Today I read a 15th century Torah scroll.
We weren’t allowed to touch it, but I got as close as I could. What you see in the picture below are the first words of the Bible (read right to left):
בראשׁית ברא אלהים את־השׁמים ואת־הארץ = “In the beginning, God created the heavens and the earth.”
This was an incredibly exciting day for Trinity, as the school became the recipient of this Torah scroll gifted by the Larson family. Dr. Caroll, a prolific collector and expert on biblical manuscripts, was on hand to dedicate the scroll and explain some of its unique features to the interested faculty and students.
This type of scroll has been dubbed a “Giant German Torah,” and is unique in its particular ink color, style of writing, the size of text type, and size of the scroll leaves (or sheets). It is a magnificent thing to behold. The manuscript was copied by a professional scribe in the 15th century onto treated calf-skin, and then used in a variety of Jewish communities over the centuries. This truly is the Word of God for the people of God, the central part of a faith community.
Dr. Scott Carroll drew our attention to some of the scroll’s unique features, like enlarged letters (emphasizing the reading of a portion of the text), patches and corrections (where a scribe made a mistake and had to go back and fix it), replacement panels (when sheets became too worn out to read), unusual orthographic features (like unique writing of letters פ and ח), and formatting choices (like four empty lines signifying the end of a Book). After speaking for a while, he then invited us back up to inspect the scroll and find the features he had highlighted. Professors and students alike were giddy like schoolchildren, especially when recognizing a familiar portion of Scripture.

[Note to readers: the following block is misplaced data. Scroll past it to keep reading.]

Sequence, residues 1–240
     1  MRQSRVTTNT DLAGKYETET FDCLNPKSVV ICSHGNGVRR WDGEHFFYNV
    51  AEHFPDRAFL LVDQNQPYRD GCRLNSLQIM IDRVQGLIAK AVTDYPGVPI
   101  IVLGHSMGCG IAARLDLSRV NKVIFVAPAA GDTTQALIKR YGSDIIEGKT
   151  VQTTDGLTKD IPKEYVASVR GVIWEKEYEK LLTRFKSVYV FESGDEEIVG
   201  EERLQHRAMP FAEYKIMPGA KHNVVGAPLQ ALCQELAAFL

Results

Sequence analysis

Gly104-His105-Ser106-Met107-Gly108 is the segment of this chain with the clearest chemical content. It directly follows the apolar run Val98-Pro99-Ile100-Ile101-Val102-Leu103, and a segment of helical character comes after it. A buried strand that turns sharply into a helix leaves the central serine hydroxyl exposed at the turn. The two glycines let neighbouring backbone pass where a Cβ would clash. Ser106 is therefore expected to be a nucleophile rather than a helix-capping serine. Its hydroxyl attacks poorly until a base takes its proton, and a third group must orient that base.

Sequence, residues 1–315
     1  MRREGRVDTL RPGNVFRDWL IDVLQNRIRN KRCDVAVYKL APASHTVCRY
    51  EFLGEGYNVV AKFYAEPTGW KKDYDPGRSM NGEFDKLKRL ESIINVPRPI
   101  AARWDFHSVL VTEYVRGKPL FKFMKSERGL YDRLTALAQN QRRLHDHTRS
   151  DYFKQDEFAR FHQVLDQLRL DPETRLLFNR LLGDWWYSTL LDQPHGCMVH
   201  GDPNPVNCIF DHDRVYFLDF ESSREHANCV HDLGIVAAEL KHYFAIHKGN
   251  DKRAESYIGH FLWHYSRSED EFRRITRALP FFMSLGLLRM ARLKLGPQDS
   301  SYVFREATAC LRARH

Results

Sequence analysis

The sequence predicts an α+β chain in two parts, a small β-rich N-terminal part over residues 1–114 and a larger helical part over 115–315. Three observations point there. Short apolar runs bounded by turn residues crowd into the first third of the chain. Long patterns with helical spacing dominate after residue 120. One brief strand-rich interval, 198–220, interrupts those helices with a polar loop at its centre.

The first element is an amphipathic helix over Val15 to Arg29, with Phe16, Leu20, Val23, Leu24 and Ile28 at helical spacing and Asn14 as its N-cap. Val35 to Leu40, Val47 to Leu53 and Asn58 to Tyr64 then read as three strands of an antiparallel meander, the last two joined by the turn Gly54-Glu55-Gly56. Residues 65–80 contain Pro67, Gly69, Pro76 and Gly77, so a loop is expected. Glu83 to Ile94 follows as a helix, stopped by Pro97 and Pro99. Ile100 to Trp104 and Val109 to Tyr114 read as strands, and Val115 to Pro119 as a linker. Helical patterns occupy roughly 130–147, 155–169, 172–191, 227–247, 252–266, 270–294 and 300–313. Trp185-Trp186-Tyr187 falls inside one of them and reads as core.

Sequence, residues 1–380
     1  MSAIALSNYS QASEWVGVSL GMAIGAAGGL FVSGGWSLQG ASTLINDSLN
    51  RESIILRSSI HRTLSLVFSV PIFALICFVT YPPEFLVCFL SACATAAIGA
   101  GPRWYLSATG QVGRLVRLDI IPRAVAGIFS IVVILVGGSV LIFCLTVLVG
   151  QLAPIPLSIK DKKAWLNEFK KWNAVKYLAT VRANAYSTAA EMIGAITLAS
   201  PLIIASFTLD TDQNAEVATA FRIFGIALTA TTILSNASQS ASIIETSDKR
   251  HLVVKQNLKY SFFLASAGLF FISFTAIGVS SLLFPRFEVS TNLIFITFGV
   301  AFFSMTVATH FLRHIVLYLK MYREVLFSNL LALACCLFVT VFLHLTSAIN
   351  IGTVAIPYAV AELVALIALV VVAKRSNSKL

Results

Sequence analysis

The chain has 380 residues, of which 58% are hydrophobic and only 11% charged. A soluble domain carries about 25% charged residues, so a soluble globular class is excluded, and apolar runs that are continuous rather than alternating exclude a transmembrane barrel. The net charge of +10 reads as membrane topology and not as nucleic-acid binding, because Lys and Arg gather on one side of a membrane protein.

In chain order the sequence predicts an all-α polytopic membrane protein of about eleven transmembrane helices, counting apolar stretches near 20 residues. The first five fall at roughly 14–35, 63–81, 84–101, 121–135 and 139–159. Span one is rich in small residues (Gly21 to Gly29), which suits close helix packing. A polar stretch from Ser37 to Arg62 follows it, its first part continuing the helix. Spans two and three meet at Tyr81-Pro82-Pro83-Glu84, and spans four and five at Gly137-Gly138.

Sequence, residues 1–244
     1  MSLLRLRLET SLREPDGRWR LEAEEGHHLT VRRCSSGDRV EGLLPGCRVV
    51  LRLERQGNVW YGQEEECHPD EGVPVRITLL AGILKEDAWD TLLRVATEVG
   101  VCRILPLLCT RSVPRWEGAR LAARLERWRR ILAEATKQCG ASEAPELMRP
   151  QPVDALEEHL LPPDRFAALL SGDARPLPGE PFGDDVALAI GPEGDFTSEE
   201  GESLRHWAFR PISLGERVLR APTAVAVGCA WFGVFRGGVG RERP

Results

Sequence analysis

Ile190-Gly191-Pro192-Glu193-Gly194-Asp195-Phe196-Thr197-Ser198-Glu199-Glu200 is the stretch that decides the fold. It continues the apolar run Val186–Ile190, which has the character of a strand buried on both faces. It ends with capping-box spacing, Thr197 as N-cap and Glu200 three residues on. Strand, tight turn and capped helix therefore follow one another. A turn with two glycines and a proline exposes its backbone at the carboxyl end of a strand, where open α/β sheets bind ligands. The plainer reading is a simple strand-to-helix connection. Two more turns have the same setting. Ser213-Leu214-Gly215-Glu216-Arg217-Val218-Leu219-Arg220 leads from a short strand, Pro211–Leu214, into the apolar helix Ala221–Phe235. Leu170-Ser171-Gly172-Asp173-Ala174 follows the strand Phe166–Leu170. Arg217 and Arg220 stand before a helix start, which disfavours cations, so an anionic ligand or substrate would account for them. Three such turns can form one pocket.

I was especially excited to find the “Song of the Sea,” a poem that appears in the first chapters of Exodus (Exod. 15:1-18). This is one of the earliest examples of Hebrew poetry in the Bible, and it is a beautiful reflection on Israel’s recent rescue by Yahweh from Egypt. In this 15th century Torah scroll, it is laid out in a unique “brick formation.” By setting this piece apart from the rest of the text, the scribal tradition was not only highlighting its poetic nature, but also its significance to the faith community. They are basically saying, “God will display his mighty works of salvation on our behalf as he did to our ancestors in the Exodus.”
This is an incredible gift to Trinity. Hebrew students will for many years to come be able to have access to this treasure and experience Scripture in a whole new way. As I myself continue studying the Old Testament, I am humbled by the powerful reminder of those who have faithfully gone before me in preserving God’s Word.
If you are interested in reading more, Trinity has some great information on their website: http://news.tiu.edu/2014/09/19/torah-scroll/
Also, here is a picture I found on the post of me listening carefully to Dr. Younger as he makes observations on the scroll.